by Romi from Where The Writer Comes to Write
Books. That’s what it’s about, right? They’re friends, the really good ones, and perhaps we make (as Harry Potter thinks about Draco Malfoy in The Chamber of Secrets), the occasional “arch enemy” out of ones we don’t get along with so well. Books can capture something in their pages that can make you cry or laugh, and one of the best things about them is the fact that you can go back to them whenever you want.
Yet now and again you may ask yourself two questions: How being the first, and Why being the second. To add more light to these two questions, I made a chart, which applies to a novel you’re loving.
The How and Why, explained:
How does this book do all these things do me? Why does it do these things to me? How am I so connected with these characters, why do I feel as if they’re a part of me?
I’m definitely not a professional book decipher, I literally just spelt “professional” incorrectly, but I, like everyone, have ideas and I am going to share a few of them. There’s the wonderful quote -
And that’s us. We’re the readers, we live alongside many fandoms, we share our love for these characters, even if they broke our hearts into many tiny little pieces and then stamped on them for good measure.
So why do we love books so much? Why do we feel an instant connection and the blossom of love when we start reading some books and not others? Here’s what I think. It’s because you’re reading about people you aspire to, who you see a yourself in. You fall in love with the world and wish you could live in it yourself, and when you can love Katniss, Luna, Hazel Grace, Augustus, Peeta, Harry, Finnick, Annie, Four, Tris and so many other amazing characters why would you settle for anything else?
When we open a book we have the opportunity of living two lives, one between the paper and one quite different one. We can be reassured that nothing will change when we go away and we can always go back if things in this life take a turn for the fictional. We give so much to these places inside the pages. In return they promise never to leave us, no matter how what happens. These books become a part of us, of our lives and that is more than okay. It’s wonderful. It’s as it should be. Without it, what would life be?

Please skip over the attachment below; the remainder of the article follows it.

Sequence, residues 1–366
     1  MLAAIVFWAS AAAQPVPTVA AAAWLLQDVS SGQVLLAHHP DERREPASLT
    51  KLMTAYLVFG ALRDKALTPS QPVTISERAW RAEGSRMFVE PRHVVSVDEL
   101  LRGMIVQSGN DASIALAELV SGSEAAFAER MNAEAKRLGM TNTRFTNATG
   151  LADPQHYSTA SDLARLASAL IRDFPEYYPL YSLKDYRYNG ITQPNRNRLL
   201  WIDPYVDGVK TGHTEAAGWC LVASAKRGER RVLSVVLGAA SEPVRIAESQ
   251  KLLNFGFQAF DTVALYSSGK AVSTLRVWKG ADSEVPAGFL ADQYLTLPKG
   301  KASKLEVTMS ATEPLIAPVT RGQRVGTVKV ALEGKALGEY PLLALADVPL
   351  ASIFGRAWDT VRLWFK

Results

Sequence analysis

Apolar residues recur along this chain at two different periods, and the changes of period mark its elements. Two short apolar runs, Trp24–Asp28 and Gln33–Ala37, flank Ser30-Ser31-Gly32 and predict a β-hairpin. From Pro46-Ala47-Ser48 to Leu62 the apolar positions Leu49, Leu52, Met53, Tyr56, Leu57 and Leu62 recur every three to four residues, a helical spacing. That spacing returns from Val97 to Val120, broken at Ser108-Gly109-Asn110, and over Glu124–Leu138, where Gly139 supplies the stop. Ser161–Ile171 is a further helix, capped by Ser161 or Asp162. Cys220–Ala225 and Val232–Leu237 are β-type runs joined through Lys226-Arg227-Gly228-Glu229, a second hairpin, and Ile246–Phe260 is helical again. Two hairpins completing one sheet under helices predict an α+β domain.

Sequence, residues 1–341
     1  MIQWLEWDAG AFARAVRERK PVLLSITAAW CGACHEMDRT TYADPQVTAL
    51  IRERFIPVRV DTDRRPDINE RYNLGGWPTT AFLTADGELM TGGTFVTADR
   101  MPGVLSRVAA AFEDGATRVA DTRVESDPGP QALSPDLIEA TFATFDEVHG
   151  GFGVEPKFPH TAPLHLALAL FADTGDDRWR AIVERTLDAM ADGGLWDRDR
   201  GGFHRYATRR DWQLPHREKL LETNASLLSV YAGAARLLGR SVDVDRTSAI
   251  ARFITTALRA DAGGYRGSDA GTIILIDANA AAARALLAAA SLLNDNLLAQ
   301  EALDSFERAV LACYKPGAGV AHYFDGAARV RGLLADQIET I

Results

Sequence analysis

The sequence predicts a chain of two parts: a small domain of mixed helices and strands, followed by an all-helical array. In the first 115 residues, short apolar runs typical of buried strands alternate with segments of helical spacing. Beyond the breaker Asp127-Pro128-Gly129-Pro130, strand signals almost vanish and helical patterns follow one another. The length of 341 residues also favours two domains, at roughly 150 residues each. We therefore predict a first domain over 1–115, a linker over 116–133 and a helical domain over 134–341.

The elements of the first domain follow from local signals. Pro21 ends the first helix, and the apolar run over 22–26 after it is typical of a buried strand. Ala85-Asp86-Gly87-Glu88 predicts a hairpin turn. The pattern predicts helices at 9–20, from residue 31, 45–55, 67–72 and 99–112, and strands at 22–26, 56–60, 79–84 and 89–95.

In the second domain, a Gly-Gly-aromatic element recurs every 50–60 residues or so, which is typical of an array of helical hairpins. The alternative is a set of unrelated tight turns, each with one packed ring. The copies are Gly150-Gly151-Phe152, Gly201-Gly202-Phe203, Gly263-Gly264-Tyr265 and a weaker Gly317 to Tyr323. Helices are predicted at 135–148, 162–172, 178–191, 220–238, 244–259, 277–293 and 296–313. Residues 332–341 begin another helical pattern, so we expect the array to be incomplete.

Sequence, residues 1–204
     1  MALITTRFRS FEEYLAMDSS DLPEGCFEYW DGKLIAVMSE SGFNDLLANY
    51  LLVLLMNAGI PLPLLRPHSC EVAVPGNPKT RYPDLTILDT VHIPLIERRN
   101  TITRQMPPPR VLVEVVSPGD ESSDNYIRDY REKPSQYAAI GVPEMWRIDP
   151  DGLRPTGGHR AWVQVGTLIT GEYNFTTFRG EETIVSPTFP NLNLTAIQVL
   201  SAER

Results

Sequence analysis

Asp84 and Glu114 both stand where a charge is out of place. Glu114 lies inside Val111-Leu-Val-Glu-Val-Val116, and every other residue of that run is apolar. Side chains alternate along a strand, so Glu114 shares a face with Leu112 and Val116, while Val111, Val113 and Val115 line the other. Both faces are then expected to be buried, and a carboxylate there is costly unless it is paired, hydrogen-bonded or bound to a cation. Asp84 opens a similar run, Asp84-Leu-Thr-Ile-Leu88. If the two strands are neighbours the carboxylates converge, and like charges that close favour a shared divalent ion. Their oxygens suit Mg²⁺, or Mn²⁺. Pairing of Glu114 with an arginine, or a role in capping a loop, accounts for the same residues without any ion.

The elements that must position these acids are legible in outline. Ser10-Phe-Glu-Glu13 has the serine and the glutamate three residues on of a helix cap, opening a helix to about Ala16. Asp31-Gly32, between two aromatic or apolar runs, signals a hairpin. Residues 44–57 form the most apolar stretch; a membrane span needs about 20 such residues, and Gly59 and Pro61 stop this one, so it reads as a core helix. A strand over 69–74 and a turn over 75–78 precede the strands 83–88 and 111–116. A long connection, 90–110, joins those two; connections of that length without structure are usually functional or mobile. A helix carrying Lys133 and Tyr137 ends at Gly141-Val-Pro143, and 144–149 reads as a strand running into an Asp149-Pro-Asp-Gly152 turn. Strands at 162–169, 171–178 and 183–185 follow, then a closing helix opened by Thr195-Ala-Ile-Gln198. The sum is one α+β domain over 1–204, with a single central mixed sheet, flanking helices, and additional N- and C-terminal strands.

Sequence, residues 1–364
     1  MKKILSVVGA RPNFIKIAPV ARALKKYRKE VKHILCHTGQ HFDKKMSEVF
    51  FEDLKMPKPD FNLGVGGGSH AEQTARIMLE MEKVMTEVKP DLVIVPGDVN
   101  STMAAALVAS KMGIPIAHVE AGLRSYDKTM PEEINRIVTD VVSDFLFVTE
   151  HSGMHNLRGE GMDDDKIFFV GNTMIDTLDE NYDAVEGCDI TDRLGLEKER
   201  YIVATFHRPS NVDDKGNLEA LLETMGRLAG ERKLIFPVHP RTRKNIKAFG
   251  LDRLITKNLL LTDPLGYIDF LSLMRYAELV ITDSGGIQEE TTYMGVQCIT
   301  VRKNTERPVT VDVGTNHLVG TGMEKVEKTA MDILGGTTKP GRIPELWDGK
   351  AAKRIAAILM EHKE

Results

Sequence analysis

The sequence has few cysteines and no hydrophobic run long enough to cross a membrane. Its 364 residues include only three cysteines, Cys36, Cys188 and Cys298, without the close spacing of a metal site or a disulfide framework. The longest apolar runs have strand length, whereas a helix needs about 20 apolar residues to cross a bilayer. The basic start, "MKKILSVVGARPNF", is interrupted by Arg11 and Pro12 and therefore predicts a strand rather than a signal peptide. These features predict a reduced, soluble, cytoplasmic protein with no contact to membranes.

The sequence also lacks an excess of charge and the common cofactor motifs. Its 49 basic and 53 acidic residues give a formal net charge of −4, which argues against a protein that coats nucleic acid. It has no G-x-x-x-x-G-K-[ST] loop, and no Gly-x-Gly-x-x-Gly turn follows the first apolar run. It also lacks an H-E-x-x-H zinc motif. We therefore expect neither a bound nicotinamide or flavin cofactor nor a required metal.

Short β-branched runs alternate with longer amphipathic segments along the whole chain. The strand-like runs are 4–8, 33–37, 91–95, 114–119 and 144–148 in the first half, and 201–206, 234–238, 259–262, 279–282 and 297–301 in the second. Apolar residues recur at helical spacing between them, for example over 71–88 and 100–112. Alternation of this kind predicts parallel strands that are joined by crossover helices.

There are OTP’s and Ships and we are at the base of all of these things. The reading community starts this and makes a bigger community, a community that grows with every page turned, a community you will always be welcomed in to, and to sum these relationships up I have two very small lines to say:
And so, of course, we come to the deaths. Your favourite character, the one you’ve rooted for all along or the one you fell in love with at the same time the heroine/hero did; the one you hated all along (and I think a lot of you know who I’m talking about now) who, in the last moments of life, show the best part of themselves and turn you into a wet mess. If authors knew what we went through, would they keep it up?
Characters fight to the death, the cast spells together, they fall in love, they push that love away, they die. You’re left speechless, not even able to enunciate how you feel, silently asking why it had to happen to that character. Why couldn’t someone else have sacrificed them self, why couldn’t the author have written in a different name.